Coach/Dad Tip-20: Ask them - don't tell them. Most of the time they know. Telling them is "tank-draining" lecture. Asking them creates "thinking player" (and son/daughter!)

This has worked out well for us, because it’s sort of the style of communication in our family anyway. We’ve always asked questions and created some banter about everything we discuss. When you ask them to express their thoughts, do so in such a way that doesn’t plant a seed as to what you think (So…what did you think about that umpires call?).
Ask open-ended questions, not leading-questions that could be objected in a court of law, so that you get their thoughts – not those they think you want to hear.

This conversation style creates some spirited conversations to this day when we all get together (a Holiday meal is an experience in the Lokar household!). They certainly have developed “a voice”, are thoughtful, and express it well. My youngest daughter went on to be a member of the nationally recognized University of La Verne’s Debate Team and has competed successfully with them around the world. I win far fewer arguments today for sure!

Coach/Dad Tip-21: Your kids listen to you 7 days/week. Sometimes "Ask Permission" such as, "Want some Tips on your swing?" They usually say YES

Coach/Dad Tip-22: When I'd feel like they weren't listening, I'd say "When you’d like to know what's wrong with your pitching, come and ask!" Always did!

If you are constantly telling them what to do it drains their Tank. So flip the script and get permission or entice them to ask. If they ask you for help & you give it to them - it fills their Tank. So you tricked ‘em!

Coach/Dad Tip-23: Try to have more *conversations* as Coach/Dad. That means two people talk. If it's only you- it's just another lecture. They may turn off!

Coach/Dad Tip-24: Sometimes they hear you so much, it may seem like they tune you out. Develop strategies to get them to listen. Trial and Error. Patient & Persistent.

One thing I know for sure is that nothing is going to work 100% of the time. The trick is top have as many different “clubs in your golf bag” as you can. You can’t effectively use a putter off the tee or a driver on the green – and you have to have a bunch of special clubs in between. Generally, if we keep trying in a non-confrontational way, they’ll talk. If they don’t want to, it could be more important to us than it is to them – and that never should be the case when it comes to youth sports. This is their time – not ours.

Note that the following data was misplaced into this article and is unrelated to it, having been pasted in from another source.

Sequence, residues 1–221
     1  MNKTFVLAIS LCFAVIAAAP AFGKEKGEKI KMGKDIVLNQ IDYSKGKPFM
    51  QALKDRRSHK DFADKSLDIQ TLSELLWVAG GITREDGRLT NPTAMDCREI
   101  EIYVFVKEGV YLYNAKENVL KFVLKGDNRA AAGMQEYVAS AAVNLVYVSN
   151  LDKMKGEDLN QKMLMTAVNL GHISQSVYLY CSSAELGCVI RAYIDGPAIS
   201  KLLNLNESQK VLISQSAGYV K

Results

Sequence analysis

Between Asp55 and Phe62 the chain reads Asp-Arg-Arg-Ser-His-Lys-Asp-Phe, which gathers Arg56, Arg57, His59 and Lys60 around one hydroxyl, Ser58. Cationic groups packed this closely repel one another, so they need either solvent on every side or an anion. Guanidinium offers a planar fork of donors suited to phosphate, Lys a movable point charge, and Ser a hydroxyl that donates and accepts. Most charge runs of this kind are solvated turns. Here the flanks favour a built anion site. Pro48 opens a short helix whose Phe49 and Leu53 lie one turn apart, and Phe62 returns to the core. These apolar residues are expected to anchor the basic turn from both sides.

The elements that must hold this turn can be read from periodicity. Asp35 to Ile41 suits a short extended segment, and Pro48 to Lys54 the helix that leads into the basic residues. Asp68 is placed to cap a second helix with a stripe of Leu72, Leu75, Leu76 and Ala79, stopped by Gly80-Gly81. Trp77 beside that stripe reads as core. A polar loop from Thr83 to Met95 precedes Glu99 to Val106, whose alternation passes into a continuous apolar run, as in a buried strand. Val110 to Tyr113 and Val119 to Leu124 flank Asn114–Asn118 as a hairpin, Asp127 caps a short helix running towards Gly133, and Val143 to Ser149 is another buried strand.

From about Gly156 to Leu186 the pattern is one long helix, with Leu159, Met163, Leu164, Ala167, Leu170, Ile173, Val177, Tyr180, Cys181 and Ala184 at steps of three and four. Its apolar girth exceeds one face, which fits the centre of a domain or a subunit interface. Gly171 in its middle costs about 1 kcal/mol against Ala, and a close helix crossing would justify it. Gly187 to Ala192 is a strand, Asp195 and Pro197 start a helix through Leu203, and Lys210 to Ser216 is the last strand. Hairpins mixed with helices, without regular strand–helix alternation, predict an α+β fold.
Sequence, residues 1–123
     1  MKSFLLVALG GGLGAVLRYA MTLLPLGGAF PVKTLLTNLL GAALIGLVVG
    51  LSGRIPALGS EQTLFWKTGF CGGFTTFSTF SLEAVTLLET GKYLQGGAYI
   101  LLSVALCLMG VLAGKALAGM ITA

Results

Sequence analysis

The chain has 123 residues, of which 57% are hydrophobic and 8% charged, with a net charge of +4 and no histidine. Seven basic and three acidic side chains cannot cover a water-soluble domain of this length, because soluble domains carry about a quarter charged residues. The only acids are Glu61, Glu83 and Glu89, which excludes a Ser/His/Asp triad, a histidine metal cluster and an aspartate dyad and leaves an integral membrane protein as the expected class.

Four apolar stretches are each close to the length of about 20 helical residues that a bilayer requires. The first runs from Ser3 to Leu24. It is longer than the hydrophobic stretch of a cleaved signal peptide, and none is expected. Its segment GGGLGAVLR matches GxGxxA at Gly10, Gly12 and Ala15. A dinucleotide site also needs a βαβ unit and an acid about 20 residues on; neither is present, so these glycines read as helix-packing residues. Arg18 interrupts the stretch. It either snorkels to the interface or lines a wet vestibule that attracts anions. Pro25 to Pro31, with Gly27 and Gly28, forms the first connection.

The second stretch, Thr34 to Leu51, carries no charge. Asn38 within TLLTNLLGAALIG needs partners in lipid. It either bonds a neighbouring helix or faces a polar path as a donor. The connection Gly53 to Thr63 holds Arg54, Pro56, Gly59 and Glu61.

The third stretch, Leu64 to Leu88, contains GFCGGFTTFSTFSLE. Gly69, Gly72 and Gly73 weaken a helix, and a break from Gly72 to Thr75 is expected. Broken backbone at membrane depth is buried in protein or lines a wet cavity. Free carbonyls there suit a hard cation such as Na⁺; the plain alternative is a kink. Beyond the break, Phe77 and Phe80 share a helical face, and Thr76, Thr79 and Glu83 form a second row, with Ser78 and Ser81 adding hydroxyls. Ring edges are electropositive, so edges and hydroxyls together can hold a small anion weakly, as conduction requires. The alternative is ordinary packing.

Dad Tip-25: If you have multiple children, and they agree to it, make sure to coach all of them as much as you can!

My single biggest regret in coaching youth-sports is this one didn’t work out for me quite as planned. I have three older children that were all a couple/few years apart and had it all planned out when I would coach each of them. I was set to coach my youngest daughter for her final few years of youth softball when the league cut that age group after my first year as her coach. The best laid plans…

So I didn’t get to share the Coach-Dad experience with my youngest daughter enough. That’s a time in a child’s life I can never get back, so I have my work cut out for me. I can’t do anything about it – so I need to make up for it.

This is a chance for a Mom or Dad to have a once in a lifetime experience with their child. I strongly encourage anyone who has the inclination, and whose son or daughters are interested, to become a Coach-Dad or Coach Mom. It can be a rewarding experience for all and create a bind that will last a lifetime.

My son’s are clones of each other at the same age. It’s like looking at Dr Evil and Mini-Me. Well, not really, but you get the picture. Because of this I’m reminded daily how very fast the time goes – and it can be the time of their lives. They go from 5 yrs old to 6’5” 250 in the blink of an eye. Take advantage NOW!

Sunday, March 27, 2011

Bob Hurley, the Sage of St. Anthony

CBS 60 Minutes did a fabulous piece on Hall of Fame Coach Bob Hurley, from "Miracle on St Anthony" fame. Coaches that are a little "rough around the edges" (to borrow a good friends phrase) can be very polarizing in circles that evaluate their, performance, effectiveness, and quality of the players' experience.

Some quotes from the story really caught my attention. First, Coach Hurley doesn't sugar coach anything and players. They absolutely know what they're getting into. Coach Hurley says,
"I'm still one of the most demanding people that the kids are gonna come across"

But at the same time, that demanding nature comes form a great place.

" I think everybody can be better than they think they can be."

And being a former Parole Officer in New Jersey, he's used to working with a tough crowd.